Pelosi: It's Time to Fix Obamacare

Democrats are done defending the troubled rollout of the health-care exchanges and scrambling to reposition themselves in favor of improving the law.
The Atlantic

The botched implementation of the Affordable Care Act has Democrats increasingly nervous. More and more of the party's lawmakers are refusing to pretend the problems are merely bumps in the road and demanding that something be done. Some are even jumping on board with Republican-backed plans to delay or alter parts of the law.

Now, a month and a half after the failed launch of healthcare.gov and with enrollment numbers revealed to be dismal, the Obama administration and Democratic leaders admit that it’s time to address the many Americans whose insurance policies are now being canceled, despite President Obama's promise that those who liked their plans would be able to keep them.

Obama will make an announcement Thursday about a proposal to fix this issue, and Democrats in Congress may also propose a legislative fix, Nancy Pelosi, the  Democratic leader in the House, told The Atlantic's James Bennet at Thursday's Washington Ideas Forum. "Stay tuned. It could be an administrative fix, it could be a legislative fix," Pelosi said. "I would rather it be done administratively, because then it could be done much more quickly without any accompanying agendas."

House Republicans led by Representative Fred Upton have proposed their own measure to address the cancellations, but Pelosi called that bill deceptive, just another attempt to gut the law.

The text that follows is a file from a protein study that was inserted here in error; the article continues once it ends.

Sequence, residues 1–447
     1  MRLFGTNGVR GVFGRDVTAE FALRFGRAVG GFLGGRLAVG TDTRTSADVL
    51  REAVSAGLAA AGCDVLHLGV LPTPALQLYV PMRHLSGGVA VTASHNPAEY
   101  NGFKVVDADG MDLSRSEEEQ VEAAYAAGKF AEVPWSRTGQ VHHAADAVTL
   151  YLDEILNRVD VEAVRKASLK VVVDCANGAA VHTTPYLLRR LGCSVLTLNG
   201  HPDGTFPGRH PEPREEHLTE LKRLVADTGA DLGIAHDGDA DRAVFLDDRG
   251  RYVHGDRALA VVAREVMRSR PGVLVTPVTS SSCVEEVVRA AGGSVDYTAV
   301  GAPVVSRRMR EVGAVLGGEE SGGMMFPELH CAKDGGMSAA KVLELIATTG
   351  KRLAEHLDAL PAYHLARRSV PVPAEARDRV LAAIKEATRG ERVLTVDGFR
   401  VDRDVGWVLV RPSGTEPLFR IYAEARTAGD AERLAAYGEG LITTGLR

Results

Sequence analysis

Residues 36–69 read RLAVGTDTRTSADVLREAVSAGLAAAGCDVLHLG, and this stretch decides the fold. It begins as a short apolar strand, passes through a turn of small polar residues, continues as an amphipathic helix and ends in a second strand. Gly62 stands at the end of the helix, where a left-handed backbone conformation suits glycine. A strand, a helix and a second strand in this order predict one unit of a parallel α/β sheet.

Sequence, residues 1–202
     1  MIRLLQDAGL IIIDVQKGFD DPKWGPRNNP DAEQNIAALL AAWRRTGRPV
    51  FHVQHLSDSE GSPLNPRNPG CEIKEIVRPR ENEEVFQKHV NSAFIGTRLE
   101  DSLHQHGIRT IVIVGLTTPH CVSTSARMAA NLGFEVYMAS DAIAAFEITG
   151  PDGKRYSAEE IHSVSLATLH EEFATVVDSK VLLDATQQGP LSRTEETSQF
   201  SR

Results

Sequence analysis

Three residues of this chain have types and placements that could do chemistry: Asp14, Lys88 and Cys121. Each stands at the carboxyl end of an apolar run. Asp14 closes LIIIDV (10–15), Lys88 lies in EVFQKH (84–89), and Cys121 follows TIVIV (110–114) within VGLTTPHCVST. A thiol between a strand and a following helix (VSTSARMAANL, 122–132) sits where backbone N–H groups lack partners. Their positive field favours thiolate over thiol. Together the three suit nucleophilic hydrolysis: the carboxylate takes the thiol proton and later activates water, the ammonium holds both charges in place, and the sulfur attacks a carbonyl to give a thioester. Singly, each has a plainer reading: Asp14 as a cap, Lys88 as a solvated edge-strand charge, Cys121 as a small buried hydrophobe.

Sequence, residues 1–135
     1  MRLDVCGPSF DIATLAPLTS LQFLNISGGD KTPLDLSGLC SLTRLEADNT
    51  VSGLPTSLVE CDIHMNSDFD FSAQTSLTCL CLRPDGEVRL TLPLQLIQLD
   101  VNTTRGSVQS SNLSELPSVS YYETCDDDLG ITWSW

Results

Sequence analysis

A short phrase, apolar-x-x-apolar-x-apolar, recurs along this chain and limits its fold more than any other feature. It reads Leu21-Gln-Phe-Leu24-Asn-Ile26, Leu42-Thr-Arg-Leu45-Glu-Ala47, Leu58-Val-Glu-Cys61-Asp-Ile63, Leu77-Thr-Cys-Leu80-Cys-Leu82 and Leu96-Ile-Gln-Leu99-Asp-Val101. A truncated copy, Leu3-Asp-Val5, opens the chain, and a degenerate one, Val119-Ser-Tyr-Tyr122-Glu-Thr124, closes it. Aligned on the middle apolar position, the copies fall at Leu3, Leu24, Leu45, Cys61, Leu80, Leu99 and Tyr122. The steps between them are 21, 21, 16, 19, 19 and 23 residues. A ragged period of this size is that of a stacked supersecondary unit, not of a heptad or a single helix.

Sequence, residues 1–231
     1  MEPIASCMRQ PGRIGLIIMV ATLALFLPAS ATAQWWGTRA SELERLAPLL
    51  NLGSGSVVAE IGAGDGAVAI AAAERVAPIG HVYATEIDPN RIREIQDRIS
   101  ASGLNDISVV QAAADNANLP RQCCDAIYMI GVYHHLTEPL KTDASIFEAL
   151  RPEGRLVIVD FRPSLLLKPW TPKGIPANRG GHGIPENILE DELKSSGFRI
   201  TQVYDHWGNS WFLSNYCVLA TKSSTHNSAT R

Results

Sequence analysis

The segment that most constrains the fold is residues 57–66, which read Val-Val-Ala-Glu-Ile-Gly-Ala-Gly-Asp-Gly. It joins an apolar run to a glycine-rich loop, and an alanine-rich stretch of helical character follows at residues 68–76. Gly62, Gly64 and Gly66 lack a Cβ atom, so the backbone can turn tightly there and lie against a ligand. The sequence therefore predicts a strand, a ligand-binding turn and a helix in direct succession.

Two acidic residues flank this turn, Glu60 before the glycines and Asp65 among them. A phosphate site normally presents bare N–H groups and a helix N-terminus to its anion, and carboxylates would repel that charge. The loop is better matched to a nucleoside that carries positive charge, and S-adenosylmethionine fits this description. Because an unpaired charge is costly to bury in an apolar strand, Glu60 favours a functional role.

"The initiative before the House looks like something that's a fix, but it isn't," she said. "We have to thread the needle. What they're doing ... is unraveling the whole fabric, and that's just not necessary, unless you want to undo—for the 46th time—a vote to get rid of" the Affordable Care Act.

Pelosi's comments seemed a clear indication that Democrats, weary of defending the beleaguered initiative, are rushing to reposition themselves as wanting to improve the law and help those adversely affected by it. They paint Republicans, meanwhile, as interested only in gaining political advantage, not making things better. Pelosi described the law's opponents as "antigovernment ideologues who just do not want a public role in this or for other reasons want it to stop."

But Democrats have clearly gotten the message that public discontent with Obamacare will not be assuaged by assurances that all will be well in time. "We'll fix it and move on from there," Pelosi said, adding, "We will overcome this."

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Molly Ball is a staff writer covering national politics at The Atlantic.

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